Nepali officials reportedly may require climbers hoping to scale Mount Everest to prove their physical fitness, following a deadly year that saw 11 people die on the mountain
- In the wake of a number of highly publicized fatalities on Mount Everest, the Nepal government reportedly may be preparing to overhaul the country's climbing permit process.
- The BBC reported Wednesday that a panel of mountaineering experts and Nepali officials produced a proposal to block inexperienced climbers and unethical mountaineering operators from the mountain.
- The proposal would raise the climbing fee from $11,000 to $35,000 and require applicants to submit a certificate of physical fitness.
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Mount Everest is coming off of a deadly and controversial season, one that saw at least 11 deaths on its slopes and widespread criticism over the mountain's seemingly crowded conditions. Nine of those deaths happened on the Nepali side of the mountain, after the government issued a record 381 climbing permits for the 2019 season.
But, according to the BBC, Nepal may be about to overhaul its entire strategy regarding Mount Everest-related tourism. A panel consisting of Nepali officials and members of the mountaineering community has reportedly produced a proposal that seeks to bar inexperienced climbers from the mountain.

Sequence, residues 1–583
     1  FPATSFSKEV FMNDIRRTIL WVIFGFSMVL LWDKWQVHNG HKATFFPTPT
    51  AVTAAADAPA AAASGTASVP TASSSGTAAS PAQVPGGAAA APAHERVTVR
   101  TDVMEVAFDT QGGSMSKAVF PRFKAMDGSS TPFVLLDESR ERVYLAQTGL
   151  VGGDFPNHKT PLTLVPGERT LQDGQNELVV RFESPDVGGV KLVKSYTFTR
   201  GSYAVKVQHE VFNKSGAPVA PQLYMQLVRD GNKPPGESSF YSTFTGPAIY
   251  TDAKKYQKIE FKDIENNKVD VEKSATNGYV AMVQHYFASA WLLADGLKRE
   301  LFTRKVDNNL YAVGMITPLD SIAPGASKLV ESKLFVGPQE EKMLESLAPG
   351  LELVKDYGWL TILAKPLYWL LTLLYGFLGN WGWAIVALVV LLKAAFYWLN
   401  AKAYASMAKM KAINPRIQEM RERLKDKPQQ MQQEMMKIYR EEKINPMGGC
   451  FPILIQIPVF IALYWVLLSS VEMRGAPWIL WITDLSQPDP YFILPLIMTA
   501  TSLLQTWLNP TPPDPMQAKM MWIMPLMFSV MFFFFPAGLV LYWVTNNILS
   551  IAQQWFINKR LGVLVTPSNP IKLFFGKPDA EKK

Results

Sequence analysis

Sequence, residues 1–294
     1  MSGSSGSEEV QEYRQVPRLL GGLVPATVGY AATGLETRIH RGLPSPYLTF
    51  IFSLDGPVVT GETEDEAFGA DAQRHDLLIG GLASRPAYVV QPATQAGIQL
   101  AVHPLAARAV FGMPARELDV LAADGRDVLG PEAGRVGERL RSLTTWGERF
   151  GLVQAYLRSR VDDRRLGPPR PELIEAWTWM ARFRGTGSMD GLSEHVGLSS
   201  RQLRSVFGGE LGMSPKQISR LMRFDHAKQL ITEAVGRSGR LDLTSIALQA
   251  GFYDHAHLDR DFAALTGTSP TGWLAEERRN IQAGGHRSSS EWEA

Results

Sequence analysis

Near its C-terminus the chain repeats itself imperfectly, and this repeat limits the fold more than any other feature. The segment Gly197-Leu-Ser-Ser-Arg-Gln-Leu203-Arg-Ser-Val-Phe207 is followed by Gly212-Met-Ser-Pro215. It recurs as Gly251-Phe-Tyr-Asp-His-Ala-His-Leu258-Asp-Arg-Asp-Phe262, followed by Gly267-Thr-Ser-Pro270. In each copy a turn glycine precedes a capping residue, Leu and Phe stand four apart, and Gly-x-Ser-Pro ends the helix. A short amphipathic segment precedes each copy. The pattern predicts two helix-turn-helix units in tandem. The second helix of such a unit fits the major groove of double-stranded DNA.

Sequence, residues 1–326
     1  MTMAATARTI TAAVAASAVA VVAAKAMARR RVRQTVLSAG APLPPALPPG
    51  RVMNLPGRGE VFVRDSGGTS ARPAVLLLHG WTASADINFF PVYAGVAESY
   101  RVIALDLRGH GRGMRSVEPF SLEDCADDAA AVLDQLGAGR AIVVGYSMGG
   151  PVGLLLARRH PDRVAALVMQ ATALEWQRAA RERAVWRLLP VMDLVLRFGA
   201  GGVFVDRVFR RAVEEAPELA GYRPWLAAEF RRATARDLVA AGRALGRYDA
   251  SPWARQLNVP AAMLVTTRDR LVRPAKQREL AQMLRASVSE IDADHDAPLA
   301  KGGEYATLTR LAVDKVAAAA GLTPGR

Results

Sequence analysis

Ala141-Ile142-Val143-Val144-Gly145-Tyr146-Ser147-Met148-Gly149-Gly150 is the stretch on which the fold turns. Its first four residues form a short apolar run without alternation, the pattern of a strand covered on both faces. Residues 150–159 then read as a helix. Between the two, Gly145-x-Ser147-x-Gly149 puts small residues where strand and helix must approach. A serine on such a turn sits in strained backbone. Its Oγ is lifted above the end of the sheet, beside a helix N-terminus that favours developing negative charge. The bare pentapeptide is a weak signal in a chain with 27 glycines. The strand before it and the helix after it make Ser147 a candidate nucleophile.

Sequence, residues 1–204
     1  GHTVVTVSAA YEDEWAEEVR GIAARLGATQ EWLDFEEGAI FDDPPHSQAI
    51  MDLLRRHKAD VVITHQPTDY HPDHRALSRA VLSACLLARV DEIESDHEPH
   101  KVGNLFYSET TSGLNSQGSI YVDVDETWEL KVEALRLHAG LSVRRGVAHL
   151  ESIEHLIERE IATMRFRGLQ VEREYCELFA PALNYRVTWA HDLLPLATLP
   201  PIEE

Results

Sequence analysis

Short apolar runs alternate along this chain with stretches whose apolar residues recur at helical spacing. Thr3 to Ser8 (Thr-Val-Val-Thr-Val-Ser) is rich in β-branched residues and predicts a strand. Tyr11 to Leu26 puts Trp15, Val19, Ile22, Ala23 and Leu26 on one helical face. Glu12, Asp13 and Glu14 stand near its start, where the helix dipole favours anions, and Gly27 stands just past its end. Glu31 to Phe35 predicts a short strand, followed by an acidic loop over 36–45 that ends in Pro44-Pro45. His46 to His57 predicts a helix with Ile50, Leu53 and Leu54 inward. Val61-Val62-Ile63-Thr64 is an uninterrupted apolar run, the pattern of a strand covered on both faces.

Nepal's Ministry of Culture, Tourism and Civil Aviation did not immediately respond to Business Insider's request for comment.
The new guidelines would reportedly require climbers to scale a Nepali peak of at least 6,500 meters before even attempting to summit Everest. Prospective mountaineers would also need to pay a $35,000 fee, submit a "certificate of physical fitness," and hire "experienced guides" in order to make their Everest dreams a reality, the BCC reported. Currently, the fee for climbing Mount Everest stands at $11,000.
Back in June, Business Insider spoke to 11 owners and representatives of commercial climbing companies that guide climbers up Mount Everest, as well as four climbing experts. Many of these people criticized Nepal's government for creating an environment that enabled fly-by-night commercial climbing businesses to take on inexperienced adventurers.
Previously, Nepal's tourist's board told the Associated Press that it did not plan restrict the number of Mount Everest climbing permits. By hiking up the mountaineering fee and bolstering requirements for permit applicants, the country could still effectively bar naive climbers and operators from the slopes of Mount Everest.